During his senior season, Hield averaged 25 points per game, shot 50.1 percent from the field and led the Sooners to the 2016 Final Four. Taken with the No. 6 overall pick of the 2016 Draft by the New Orleans Pelicans, he has averaged 13.9 points per game during his career while playing for New Orleans and Sacramento.

From Hield’s perspective, he’s come a long way from his days as a teen-aged, playground standout in Freeport and credits the finishing touches to his time in the Big 12 with Kruger and his staff.

“I was just a shooter back then,” Hield recalled of his early college days. “I never did attack. I’m a different player now. I know how to attack it off the dribble and create my own shots. It’s a different type of style and that’s helped me get to where I am. I hear a lot of stories about Kobe Bryant and how much work he put in to hone his game, so I’ve tried to instill that in my body. I meditate on that. With as much work as I have put in, the results have shown on the court.”

Lots of former Big 12 players tell similar tales about the role that the league played in their development. Atlanta Hawks’ rookie guard Trae Young, who led the nation in scoring and assists last season at Oklahoma, said playing at such a high level in college forced him “to mature a lot more quickly than a lot of 19-year-olds would.” That process, he said, has helped him in the NBA.

“I wouldn’t go back and do anything different,” Young said. “You can always get better and you learn from your failures. I’m just maturing and getting better each and every day.”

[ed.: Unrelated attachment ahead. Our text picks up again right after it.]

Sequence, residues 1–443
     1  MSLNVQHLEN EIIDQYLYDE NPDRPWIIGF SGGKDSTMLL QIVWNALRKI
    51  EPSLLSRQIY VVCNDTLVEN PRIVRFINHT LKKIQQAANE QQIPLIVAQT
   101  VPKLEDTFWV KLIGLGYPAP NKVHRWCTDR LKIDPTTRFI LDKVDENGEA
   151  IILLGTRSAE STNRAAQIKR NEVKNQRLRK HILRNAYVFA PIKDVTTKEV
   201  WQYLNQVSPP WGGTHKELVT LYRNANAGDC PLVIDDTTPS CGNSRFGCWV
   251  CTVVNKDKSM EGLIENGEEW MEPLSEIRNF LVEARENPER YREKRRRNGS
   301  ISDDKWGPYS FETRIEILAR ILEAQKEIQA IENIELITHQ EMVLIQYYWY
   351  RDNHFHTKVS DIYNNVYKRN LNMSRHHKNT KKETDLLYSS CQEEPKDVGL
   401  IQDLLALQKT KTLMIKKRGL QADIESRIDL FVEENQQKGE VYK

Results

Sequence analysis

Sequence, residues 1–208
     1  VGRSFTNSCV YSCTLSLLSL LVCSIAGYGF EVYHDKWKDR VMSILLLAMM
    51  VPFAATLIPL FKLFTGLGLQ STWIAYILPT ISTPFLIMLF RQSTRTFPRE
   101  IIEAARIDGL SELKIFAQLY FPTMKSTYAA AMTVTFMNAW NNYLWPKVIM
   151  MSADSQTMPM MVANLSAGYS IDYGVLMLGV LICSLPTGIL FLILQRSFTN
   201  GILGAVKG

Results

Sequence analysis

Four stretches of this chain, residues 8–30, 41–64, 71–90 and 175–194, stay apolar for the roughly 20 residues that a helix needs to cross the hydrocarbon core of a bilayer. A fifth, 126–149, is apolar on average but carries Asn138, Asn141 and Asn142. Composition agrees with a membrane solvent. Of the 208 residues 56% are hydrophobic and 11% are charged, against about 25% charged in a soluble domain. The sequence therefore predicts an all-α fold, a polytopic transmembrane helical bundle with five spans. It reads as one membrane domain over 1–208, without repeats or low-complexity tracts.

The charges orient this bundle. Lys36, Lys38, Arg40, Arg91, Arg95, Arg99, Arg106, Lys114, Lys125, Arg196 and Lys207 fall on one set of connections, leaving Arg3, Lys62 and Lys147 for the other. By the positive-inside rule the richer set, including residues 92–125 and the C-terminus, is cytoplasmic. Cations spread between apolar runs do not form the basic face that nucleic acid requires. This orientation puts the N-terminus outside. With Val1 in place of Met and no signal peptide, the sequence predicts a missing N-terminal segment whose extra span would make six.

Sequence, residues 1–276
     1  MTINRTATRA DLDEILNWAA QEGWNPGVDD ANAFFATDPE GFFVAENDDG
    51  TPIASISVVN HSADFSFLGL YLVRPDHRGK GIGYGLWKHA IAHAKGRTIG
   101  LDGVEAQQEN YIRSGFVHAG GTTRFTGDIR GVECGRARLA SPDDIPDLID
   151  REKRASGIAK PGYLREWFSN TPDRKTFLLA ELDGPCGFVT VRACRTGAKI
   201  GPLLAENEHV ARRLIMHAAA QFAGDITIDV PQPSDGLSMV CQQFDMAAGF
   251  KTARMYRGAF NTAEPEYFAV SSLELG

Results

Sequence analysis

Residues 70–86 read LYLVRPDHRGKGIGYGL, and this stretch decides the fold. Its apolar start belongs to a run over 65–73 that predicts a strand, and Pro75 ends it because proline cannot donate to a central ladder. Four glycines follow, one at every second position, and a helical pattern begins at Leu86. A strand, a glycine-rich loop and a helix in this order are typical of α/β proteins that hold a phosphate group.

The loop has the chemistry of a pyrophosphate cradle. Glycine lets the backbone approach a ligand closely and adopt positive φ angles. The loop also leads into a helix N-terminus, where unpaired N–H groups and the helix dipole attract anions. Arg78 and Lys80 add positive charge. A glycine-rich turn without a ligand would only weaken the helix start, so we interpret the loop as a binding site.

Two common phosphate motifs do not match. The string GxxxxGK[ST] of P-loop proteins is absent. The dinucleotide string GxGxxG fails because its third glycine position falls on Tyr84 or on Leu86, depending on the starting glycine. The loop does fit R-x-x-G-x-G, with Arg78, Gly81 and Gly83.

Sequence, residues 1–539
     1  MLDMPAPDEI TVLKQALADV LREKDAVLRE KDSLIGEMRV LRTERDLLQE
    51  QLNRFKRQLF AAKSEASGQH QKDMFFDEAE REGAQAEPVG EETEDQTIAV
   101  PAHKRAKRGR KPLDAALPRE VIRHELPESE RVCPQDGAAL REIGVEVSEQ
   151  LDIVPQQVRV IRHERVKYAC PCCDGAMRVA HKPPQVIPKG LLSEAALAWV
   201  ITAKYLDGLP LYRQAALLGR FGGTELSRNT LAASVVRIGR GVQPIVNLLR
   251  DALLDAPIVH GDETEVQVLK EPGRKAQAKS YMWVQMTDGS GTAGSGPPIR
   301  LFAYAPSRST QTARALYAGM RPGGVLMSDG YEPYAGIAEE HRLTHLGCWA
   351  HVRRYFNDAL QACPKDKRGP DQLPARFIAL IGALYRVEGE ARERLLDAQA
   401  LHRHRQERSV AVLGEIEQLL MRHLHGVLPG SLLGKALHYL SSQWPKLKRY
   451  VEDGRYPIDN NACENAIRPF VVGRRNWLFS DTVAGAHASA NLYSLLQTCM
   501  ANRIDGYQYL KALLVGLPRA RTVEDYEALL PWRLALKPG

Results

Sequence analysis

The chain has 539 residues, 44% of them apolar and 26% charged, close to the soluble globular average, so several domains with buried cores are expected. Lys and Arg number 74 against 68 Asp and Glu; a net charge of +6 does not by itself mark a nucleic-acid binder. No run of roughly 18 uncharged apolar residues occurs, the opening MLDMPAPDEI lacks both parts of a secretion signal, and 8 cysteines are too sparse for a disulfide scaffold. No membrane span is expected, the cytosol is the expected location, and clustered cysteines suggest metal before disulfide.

During a recent visit to Austin, the most-decorated former Big 12 star in the NBA became sentimental when he spotted the sign identifying the Longhorns’ practice facility as the “Kevin Durant Texas Basketball Center.” Durant, who averaged 25.8 points for the Longhorns while winning the 2007 Naismith Award, enjoyed seeing the tangible result of his $3 million donation to the school’s athletic department, the largest gift by a former student-athlete in program history.

In an interview with the San Jose Mercury-News, Durant shared his thoughts about his relationship with his former school and its basketball program.

“Who would’ve thought … when I first walked in there as a 17-year-old kid when I was a freshman that, 10 ½ or 11 years later, my name would be on the wall,” Durant told the newspaper. “I had dreams of making it to the NBA. I definitely wanted to make it sooner than later. But it was the fact that I … just focused on becoming a better basketball player. I was excited about playing in college. I was excited about playing in the tournament. That type of stuff fueled me every day to focus on where I was and knowing I want to be an NBA player.”

Several members of the next generation of NBA stars will compete this week at the Phillips 66 Big 12 Men’s Basketball Championship at the Sprint Center. So will TCU coach Jamie Dixon, who previously served on staffs in the Big East and the ACC during 17 seasons at Pittsburgh, including the last 14 as the Panthers’ head basketball coach (2003-2016).

How does Big 12 basketball rate, in Dixon’s mind, to those two celebrated leagues after spending the past three seasons in Fort Worth?

“I tell everyone I’ve gone from the best conference, to the best conference, to the best conference,” Dixon said of his coaching progression. “Basketball in the Big 12 is as good as it gets. It’s the toughest of the tough. It’s exciting to be in a conference that’s ranked at the top in RPI on a yearly basis, so you can tell that to recruits.”

Many of those recruits will be part of this week’s stellar talent display featuring future NBA draftees at the Sprint Center.